Leaky Access Tokens Exposed Amazon Photos of Users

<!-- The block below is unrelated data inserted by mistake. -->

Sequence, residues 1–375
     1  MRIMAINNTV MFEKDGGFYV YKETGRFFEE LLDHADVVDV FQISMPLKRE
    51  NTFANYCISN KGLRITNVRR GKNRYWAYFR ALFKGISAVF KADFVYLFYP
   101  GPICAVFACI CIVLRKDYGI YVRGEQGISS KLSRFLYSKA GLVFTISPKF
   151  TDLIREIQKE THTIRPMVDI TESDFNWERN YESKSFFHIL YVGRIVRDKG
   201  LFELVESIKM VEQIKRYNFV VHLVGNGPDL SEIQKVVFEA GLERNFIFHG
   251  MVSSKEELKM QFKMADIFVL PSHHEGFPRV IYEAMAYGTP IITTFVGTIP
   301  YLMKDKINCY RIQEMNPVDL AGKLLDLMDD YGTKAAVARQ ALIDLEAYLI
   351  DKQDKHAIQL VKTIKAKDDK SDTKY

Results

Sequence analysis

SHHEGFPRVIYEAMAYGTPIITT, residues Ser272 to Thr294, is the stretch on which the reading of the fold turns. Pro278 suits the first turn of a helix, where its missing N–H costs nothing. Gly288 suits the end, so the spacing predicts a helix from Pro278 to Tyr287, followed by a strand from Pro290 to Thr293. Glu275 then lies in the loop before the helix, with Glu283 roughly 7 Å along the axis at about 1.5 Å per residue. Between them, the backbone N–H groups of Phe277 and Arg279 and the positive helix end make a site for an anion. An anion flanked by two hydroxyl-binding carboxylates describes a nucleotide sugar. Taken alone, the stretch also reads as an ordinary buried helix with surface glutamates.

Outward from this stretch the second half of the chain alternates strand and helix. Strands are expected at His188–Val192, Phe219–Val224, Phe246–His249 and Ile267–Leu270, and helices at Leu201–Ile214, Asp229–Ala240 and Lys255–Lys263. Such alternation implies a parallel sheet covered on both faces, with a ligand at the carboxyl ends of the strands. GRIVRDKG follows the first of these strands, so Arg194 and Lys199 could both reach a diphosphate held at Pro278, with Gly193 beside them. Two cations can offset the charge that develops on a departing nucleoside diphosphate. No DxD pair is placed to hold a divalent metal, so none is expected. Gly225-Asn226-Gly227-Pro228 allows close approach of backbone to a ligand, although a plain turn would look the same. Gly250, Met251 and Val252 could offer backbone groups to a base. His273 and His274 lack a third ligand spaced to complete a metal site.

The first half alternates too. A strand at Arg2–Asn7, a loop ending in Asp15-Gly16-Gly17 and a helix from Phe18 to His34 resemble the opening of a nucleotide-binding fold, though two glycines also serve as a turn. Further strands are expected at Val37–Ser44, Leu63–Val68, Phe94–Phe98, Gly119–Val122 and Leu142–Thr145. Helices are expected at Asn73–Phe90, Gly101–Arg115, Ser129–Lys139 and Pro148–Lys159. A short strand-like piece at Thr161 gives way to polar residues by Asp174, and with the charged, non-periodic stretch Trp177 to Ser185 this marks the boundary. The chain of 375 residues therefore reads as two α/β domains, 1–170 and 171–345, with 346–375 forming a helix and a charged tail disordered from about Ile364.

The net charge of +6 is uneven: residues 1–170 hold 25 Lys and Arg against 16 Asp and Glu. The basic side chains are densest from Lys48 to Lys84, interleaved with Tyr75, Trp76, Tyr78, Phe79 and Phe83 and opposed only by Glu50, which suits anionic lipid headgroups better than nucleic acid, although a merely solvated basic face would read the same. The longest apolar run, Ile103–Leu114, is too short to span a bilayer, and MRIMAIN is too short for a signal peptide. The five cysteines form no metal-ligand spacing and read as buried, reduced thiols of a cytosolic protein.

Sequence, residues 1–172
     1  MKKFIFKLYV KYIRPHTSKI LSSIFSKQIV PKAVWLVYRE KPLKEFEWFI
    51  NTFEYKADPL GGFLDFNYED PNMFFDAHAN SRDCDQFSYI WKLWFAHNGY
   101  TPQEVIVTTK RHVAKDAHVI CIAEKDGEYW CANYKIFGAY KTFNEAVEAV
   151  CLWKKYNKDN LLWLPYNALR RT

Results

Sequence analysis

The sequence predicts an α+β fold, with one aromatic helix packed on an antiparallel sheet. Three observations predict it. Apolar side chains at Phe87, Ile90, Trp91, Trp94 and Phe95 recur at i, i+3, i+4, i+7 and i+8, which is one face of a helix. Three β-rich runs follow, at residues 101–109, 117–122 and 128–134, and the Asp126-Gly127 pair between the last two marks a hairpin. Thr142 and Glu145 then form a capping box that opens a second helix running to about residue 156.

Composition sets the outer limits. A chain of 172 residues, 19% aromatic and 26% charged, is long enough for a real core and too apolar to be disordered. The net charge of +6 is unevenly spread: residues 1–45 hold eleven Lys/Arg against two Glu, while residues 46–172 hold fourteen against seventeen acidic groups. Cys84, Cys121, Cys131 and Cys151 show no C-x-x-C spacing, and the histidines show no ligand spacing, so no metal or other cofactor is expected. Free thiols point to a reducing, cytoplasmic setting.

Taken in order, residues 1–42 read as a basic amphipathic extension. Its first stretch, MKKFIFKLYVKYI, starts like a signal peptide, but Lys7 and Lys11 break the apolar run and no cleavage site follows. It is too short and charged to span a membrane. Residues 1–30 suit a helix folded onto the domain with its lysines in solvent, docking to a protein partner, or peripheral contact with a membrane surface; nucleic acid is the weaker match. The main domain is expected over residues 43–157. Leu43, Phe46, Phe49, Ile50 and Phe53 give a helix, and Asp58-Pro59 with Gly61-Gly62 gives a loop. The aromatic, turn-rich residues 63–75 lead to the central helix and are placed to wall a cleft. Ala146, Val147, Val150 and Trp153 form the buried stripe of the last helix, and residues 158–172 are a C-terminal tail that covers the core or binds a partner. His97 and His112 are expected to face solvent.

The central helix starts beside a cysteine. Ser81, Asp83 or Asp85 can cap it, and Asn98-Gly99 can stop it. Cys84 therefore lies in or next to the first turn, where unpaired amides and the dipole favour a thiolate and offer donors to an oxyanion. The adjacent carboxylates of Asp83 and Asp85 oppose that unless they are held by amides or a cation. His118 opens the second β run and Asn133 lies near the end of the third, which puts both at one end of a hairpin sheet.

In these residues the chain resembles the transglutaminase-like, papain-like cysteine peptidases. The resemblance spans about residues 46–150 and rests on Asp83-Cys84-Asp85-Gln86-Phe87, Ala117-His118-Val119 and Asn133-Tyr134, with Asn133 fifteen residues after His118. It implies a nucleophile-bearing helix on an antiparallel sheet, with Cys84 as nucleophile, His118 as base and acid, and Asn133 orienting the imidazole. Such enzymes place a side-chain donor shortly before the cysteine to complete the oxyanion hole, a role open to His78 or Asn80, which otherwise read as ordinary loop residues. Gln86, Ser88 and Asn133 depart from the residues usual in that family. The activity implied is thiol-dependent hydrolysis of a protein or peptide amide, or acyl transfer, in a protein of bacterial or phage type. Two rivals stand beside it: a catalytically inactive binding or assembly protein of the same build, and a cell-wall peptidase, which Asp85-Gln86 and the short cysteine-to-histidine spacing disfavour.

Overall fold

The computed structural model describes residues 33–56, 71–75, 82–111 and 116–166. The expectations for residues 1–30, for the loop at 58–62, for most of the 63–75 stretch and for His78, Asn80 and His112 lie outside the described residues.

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The Amazon Photos app for Android insufficiently protected user access tokens, according to a blog post published on Wednesday. Theoretically, with exposed tokens, an attacker could’ve accessed users’ personal data from a number of different Amazon apps – not just Photos but also, for example, Amazon Drive. They also could have performed a ransomware attack, locking up or permanently deleting photos, documents and more. The findings were first reported to Amazon’s Vulnerability Research Program on November 7th of last year. On December 18th, Amazon announced that the issues had been fully resolved. To authenticate users across various apps within their ecosystem, like other software suite vendors, Amazon uses access tokens. It’s convenient for users, but also, potentially, for attackers. In their report, researchers from Checkmarx described how access tokens naturally leaked through an Amazon application programming interface (API) through “a misconfiguration of the com[.]amazon[.]gallery[.]thor[.]app[.]activity[.]ThorViewActivity component, which is implicitly exported in the app’s manifest file” – manifest files describe critical application information to the Android OS and Google Play store – “thus allowing external applications to access it. Whenever this activity is launched, it triggers an HTTP request that carries a header with the customer’s access token.” In a video explainer, they put it in simpler terms: “You can think of it as the password being sent to other…

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